One side benefit of basing all of its products on a single architecture is that it simplifies things for consumers. With Intel’s current mobile platform offerings, users must choose between machines featuring the latest Ice Lake-based processors, with all of the latest graphics enhancements that come by way of the company’s Gen 11 GPU, and Comet Lake, should they want additional CPU cores for content creation or other more-taxing workloads. With AMD's new mobile family, it’s Zen 2 across the board, throughout the top-to-bottom line-up.
AMD is claiming 20% lower SoC power, 2X the perf-per-watt, 5X faster state switching, and an approximate 3.4X improvement in relative power efficiency, in comparison to its mobile platform from 2015. Ryzen 4000 series processors also feature significantly improved iGPU performance. All told, the CPU and GPU related power, performance, and packaging / die-area optimizations should give AMD a solid foundation on which to grab share from Intel in the mobile market, where Intel has historically been lights-out dominant.
In fact, AMD is already claiming upwards of 100+ design wins that will debut through Q1 and later into the year. The company also notes that it is working closely with its partners to ensure a good user experience and that quality components are used in machines featuring its processors. AMD has actually implemented a component assurance program in combination with key system partners, in addition to a new user experience certification. The machines will also undergo continuous validation in an effort to keep the user experience strong throughout the notebook’s useable life, and the inevitable array of updates that get released over time. If AMD or its partners encounter any updates that negatively impact performance or stability, the goal is to work quickly to resolve the issues, before users have to seek out other solutions. AMD plans to “own the notebook experience from end-to-end” moving forward.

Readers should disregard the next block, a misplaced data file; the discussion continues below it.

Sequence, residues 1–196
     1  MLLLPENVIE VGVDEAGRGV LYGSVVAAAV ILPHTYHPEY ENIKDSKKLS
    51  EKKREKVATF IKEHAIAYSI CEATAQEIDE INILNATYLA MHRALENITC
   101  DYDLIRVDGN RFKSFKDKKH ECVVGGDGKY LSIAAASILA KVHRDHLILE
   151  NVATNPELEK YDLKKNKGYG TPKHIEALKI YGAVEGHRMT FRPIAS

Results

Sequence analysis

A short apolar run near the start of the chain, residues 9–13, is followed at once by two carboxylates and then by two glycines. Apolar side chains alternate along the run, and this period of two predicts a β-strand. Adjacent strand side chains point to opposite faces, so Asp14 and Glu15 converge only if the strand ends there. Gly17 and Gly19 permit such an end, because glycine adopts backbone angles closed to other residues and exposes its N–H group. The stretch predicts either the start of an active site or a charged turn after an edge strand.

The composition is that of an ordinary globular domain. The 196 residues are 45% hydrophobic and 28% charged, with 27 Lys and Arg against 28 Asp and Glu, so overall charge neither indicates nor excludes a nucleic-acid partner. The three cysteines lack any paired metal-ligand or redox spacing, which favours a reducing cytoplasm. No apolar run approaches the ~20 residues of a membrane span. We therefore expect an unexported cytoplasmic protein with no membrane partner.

Power Efficiency Was ParamountIn addition to all of the power and efficiency benefits that come by way of the Zen 2 architecture and the processors’ leading-edge 7nm manufacturing process, AMD has tweaked a number of other things inside the Ryzen 4000 series to further improve efficiency. AMD's Infinity Fabric, which links all of the IP and functional blocks in the processors together, has been enhanced with finer-grained Dynamic Power Optimization throughout the fabric switches and the bus width between the graphics engine and fabric has doubled, which results in better utilization of available bandwidth. AMD is claiming up to 75% better power efficiency in the fabric, due to these dynamic power optimizations and tuned bandwidth.